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Friday Five: Folk tales

1932:

1932: "THE CALLED SHOT"
Oct. 1, 1932 - World Series Game 3

In Ruth's tenth and final World Series appearance, he made perhaps his most indellible mark on baseball culture. According to legend, Ruth pointed to the left field bleachers at Wrigley Field before launching a home run to that very spot in a 7-5 Yankees win. Historians have debated the veracity of this incident; some say Ruth (shown above crossing home plate after the home run in question) was pointing at the Cubs' pitcher, not the stands. Whether it's true or not, it sure makes for a great story. Photo Credit: Baseballlibrary.com

The Yankees play the Cubs at Wrigley Field today, making this one a natural: What are your five favorite legends in baseball history? Here are mine:

1) Babe Ruth's called shot

Didn't see this one live, of course. I wonder how many people who attended that game - 1932 World Series Game 3, at Wrigley - are still with us?

If you don't know the specifics, here they are. I love how well they fit the Babe's profile, his bravado and his super-human athletic skills.

Alas, it seems that most baseball historians now believe that the Babe didn't actually call his shot. But as Ernest Hemingway once wrote, isn't it pretty to think so?

2) The Curse of the Billy Goat

Sure, it makes sense that the Cubs have the most folklore surrounding them. They have the most misery to explain away.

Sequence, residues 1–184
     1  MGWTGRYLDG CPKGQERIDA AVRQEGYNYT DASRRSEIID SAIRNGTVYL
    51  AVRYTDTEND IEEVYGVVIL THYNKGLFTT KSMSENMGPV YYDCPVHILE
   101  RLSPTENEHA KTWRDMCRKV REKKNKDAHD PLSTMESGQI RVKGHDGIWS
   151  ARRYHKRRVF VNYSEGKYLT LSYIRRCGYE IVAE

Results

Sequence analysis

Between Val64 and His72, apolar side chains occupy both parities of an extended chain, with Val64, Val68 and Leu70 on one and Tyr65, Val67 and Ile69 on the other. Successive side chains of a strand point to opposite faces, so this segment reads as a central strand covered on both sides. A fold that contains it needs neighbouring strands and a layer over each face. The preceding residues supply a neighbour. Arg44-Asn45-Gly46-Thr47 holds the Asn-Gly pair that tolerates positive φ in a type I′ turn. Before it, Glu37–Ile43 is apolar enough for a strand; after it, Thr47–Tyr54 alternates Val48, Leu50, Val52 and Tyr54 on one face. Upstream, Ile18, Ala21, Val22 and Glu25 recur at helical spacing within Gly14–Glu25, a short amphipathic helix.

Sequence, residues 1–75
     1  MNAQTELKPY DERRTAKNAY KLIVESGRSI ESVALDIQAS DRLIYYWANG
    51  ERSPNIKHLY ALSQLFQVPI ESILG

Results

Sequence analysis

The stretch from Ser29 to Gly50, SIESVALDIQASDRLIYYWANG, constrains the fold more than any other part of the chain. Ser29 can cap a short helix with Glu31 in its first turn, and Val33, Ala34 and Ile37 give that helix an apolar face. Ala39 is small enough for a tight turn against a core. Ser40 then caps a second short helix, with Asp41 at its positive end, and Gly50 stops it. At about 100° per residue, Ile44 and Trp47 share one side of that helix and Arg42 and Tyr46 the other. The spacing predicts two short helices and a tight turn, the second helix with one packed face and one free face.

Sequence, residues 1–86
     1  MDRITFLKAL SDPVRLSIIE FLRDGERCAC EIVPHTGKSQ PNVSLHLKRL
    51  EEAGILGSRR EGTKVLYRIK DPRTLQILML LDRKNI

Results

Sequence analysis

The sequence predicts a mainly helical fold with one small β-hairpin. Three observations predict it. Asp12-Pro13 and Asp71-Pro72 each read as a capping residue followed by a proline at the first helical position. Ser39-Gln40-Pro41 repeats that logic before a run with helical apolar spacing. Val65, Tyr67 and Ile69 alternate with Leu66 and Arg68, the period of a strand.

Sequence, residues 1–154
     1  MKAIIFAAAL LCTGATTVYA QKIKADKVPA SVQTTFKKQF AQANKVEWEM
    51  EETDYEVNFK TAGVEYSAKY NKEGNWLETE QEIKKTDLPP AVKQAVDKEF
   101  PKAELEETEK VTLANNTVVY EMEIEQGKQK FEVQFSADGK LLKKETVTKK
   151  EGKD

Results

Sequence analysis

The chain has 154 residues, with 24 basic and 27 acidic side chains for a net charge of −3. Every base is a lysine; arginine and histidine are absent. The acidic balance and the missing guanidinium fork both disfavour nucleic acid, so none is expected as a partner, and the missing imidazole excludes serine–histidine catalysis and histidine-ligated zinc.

Here's the backstory to this one. Given that the Cubs haven't so much as appeared in a World Series since 1945, and given the memorable NLCS collapses of 1984 and 2003, you can't blame some folks if they buy into this one a little.

3) Curt Schilling's bloody sock

This one is a little different, in that there's a conspiracy theory behind what I think is the truth. I believe that Schilling, in pitching 2004 ALCS Game 6 and 2004 World Series Game 2, actually bled, due to the extraordinary surgical procedure he underwent in order to take the mound those days. (See the photo here)

The alternate theory, which Gary Thorne actually reported (and subsequently recanted) as fact during a 2005 Red Sox-Orioles broadcast, is that Schilling used paint - or even better, ketchup - to create the image of his suffering.

There's a reason this theory has gained so much traction; Schilling is a highly unpopular spotlight hog. But no, I'm not buying it. It's a fun one, though.

4) Cal Ripken Jr. and Kevin Costner

I wasn't sure that this one was officially "out there," but it turns out that both Ripken and Costner have publicly addressed this (and denied it).

The rumor, which I heard as gospel when I was a young Yankees beat writer in the late '90s, stated that an Orioles home game in 1997 was postponed not due to the advertised "power failure," but rather because Ripken was too upset to play - the result of, um, finding Costner, um, in his home.

This Snopes.com post, however, shoots down the notion with a good amount of evidence.

5) Cool Papa Bell

These are more one-liners than actual folk tales, but they're so funny, let's include them.

As you can see in this Wikipedia entry, of all places, Satchel Paige used to say that Bell - a Negro League star and Hall of Fame member - was so fast that he could turn out a light switch and then be under the covers before it was dark. There's apparently an actual backstory to that in which a hotel room had faulty wiring, explaining the delay.

Paige also offered the joke that Bell hit a screaming line drive up the middle...that hit Bell in the rear end as he slid into second base.

Great stuff, all of it, and I'll certainly be thinking of Ruth's called shot today as I watch Yankees-Cubs (on TV. Derek Jeter's injury means I'm staying home for Father's Day weekend).

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